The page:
Today, we’re going to open with something that has absolutely nothing to do with K-State, because some outside news is important enough for us to discuss.
That something, of course, is the quagmire in which Ohio State head coach Urban Meyer now finds himself. Meyer has been placed on paid administrative leave by Ohio State pending an investigation into his prior knowledge (or lack thereof) of the domestic violence allegations which resulted in wide receivers coach Zach Smith being terminated a couple of weeks ago.
ESPN’s Adam Rittenberg addresses the timeline of events and some in-depth details surrounding the controversy, but one thing upon which he failed to touch was the confusion in the media regarding the Title IX status of the investigation. That confusion stems, in part, from the Title IX office being placed in charge of the investigation.
However, this may not actually be a Title IX situation; the placement of the investigation is merely a function of the contract extension Meyer signed in April, which altered certain reporting requirements on his part. It’s important to stress that at the time of the incident in question, Meyer was bound by a different form of the contract, and he may not have been required to report what — if anything — he knew.
Still... Meyer is in deep boiling water at this point. The two most damning items of note: a text message in which a third party mentioned that Meyer himself had said that Smith denied the accusation, and Meyer’s statement last Monday that he knew nothing about the situation.
The text message would seem to indicate that Meyer has, in fact, known about the charges since October 2015 and took no known action until last week. The statement Monday, then, would by necessity be at best a massive case of amnesia and at worst an outright lie.
At this stage, Meyer may actually be innocent, on a technical level, of any wrongdoing in 2015. (Morally, on the other hand, is another matter entirely.) However, his statement last Monday puts Ohio State in a bind. In today’s climate, where we are rightly paying more attention to acts of violence against women, the denial by Meyer is at the very least a public-relations nightmare. Men have lost their jobs for less.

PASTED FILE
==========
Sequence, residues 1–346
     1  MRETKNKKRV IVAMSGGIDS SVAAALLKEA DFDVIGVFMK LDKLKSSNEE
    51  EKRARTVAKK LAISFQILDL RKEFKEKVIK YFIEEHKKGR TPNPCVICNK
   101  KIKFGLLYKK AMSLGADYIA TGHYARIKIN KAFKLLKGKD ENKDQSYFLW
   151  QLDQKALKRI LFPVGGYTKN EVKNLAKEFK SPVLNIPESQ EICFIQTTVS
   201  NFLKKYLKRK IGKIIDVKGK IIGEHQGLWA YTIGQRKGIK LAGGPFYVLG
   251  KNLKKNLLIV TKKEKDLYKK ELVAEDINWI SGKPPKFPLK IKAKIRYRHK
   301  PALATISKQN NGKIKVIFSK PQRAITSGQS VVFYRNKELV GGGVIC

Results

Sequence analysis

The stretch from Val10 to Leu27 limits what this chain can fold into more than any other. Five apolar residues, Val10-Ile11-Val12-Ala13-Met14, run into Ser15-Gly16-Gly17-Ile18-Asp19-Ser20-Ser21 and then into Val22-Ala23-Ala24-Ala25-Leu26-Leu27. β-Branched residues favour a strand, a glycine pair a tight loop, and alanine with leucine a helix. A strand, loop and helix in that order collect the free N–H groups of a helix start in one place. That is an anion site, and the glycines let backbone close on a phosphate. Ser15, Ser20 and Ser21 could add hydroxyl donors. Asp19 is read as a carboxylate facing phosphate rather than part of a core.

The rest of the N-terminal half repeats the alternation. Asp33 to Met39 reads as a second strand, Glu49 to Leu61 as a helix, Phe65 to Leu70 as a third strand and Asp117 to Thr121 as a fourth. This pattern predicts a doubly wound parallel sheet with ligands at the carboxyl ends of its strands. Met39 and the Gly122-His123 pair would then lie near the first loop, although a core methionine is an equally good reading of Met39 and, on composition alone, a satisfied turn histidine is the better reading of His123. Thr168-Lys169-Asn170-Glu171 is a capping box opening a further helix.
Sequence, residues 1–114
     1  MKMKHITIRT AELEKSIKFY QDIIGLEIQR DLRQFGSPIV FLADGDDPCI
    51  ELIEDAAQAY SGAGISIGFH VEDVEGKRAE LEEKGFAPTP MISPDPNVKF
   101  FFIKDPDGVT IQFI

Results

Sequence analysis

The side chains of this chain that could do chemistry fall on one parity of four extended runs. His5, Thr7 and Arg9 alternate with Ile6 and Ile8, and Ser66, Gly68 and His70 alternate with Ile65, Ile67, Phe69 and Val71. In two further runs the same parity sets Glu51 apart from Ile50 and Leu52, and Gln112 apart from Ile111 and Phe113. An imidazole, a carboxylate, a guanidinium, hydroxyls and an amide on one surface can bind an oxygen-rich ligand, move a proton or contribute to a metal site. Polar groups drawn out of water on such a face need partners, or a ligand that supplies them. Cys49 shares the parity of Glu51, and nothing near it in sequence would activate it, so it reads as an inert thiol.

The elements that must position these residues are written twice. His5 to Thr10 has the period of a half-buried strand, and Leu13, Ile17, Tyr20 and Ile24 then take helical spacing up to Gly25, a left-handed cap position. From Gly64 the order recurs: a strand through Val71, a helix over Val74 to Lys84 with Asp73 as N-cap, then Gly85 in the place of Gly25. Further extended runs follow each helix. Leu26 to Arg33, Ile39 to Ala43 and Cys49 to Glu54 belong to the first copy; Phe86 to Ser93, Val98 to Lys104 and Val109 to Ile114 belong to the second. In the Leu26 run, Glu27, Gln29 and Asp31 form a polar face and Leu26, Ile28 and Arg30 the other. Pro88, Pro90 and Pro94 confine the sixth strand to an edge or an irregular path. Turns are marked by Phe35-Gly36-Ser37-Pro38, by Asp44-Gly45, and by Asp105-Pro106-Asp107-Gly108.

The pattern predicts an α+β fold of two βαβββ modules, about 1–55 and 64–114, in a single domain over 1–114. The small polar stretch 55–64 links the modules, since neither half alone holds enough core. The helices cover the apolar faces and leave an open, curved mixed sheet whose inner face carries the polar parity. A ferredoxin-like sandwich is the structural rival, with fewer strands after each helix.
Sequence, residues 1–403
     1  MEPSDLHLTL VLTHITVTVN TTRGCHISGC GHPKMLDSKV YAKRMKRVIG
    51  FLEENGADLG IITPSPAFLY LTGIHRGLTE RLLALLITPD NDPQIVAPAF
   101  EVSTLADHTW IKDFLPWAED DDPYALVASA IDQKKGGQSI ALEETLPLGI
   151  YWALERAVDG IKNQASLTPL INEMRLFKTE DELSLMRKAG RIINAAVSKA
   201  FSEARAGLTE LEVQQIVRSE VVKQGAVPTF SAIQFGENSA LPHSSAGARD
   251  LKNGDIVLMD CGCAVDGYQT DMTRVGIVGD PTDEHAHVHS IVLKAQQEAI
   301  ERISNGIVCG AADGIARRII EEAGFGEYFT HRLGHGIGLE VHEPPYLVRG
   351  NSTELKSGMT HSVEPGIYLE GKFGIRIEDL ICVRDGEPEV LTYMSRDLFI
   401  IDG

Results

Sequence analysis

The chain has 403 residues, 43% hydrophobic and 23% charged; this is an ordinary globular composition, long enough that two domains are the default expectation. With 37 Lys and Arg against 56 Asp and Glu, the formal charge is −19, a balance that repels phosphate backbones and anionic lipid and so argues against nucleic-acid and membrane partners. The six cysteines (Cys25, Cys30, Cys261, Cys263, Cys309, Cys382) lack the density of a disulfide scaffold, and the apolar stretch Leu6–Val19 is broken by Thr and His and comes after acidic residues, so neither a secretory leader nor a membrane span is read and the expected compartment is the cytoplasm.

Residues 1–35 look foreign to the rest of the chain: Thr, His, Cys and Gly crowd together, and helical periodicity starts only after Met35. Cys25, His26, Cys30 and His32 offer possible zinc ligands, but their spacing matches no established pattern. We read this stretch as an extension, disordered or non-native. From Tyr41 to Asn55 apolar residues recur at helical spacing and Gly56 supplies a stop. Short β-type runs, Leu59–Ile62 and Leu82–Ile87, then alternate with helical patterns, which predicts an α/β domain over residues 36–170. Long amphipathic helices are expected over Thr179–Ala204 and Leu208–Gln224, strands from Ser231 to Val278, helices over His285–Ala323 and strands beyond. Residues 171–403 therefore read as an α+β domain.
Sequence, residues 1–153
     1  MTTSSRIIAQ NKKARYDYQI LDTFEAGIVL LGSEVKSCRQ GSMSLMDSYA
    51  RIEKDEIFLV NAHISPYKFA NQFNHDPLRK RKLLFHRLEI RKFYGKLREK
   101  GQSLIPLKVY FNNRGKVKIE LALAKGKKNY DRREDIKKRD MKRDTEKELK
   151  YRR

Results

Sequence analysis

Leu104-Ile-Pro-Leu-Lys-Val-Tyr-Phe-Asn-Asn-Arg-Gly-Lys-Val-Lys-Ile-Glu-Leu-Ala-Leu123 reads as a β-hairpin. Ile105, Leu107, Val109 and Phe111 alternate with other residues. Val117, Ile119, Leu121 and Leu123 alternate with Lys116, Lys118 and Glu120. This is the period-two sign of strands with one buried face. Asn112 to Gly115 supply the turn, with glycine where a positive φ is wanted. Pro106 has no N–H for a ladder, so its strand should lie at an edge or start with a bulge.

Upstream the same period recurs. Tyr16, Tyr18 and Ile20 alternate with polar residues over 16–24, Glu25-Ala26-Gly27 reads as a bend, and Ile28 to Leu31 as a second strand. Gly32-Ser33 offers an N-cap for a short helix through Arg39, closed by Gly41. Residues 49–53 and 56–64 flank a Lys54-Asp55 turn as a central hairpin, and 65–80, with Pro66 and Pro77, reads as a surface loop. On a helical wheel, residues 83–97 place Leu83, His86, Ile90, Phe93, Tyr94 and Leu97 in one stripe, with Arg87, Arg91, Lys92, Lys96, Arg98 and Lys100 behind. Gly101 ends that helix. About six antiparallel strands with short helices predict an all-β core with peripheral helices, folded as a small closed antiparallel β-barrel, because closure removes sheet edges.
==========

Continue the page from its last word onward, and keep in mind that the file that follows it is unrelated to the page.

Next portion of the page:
What we’ll have to wait and see is whether Ohio State is willing to take the heat and retain him, assuming that option even remains available to them following the investigation. If it turns out that Meyer was indeed required to report the incident when he became aware, then they’ll have no choice but to terminate him. If not, it’s a matter of PR versus football.
Yesterday marked the big three-oh: 30 days until K-State football. BracketCat celebrated with his profile of K-State’s own #30, grayshirt linebacker Parker O’Neal.
AMS also chipped in yesterday, reporting on the preseason USA Today coaches poll, in which K-State unofficially placed 32nd.
In today’s Sports Extra, Corbin McGuire takes on the task of discussing the first day of fall camp.
Bruce Weber’s finally broken the seal on the 2019 recruiting class. Kellis Robinett at the Eagle and Ryan Black at the Mercury report on the commitment of Spring (Tex.) forward Montavious Murphy. The 6’8” three-star announced his decision on Twitter yesterday.
On the other hand, according to Michael Casagrande at AL.com, the Cats lost out on another 2019 recruit yesterday, and they lost him to BAMA. Grr. Four-star shooting guard Jaylen Forbes of Florence, Miss., chose the Tide over the Cats and some lesser schools.
Brock Netter at the Kankakee Daily Journal reports that the BatCats have secured the services of Manteno (Ill.) catcher Mason Crews. He’s already signed a letter of intent, apparently. Crews already has a Kansas connection, as his older brother Brock plays for Pittsburg State.
At the Capital-Journal, Tim Bisel reports on Robert Streb’s strong first round at the Barracuda Championship, being held this weekend at Montreux Golf and Country Club in Reno, Nev. It’s a Stableford tournament rather than a stroke-against-par deal; Streb has a score of +13, four points behind Thursday leader Ollie Schniederjans.
Tennis (and Soccer)
Chelsey Frihart, who’s served in the K-State athletic department as Assistant Director of Hospitality and Special Events, is now the school’s Director of Soccer and Tennis Operations. What’s that mean? In a lot of ways, if you’re familiar with the role a Team Secretary performs for a Major League Baseball team, that’s it.
In tennis-only news, Jordan Smith announced the addition of Megan Kurey to his staff as an assistant coach. Kurey, an ITA national doubles champion at Georgia Tech as a player, was a volunteer assistant on last year’s Yellow Jacket squad which reached the NCAA Final Four.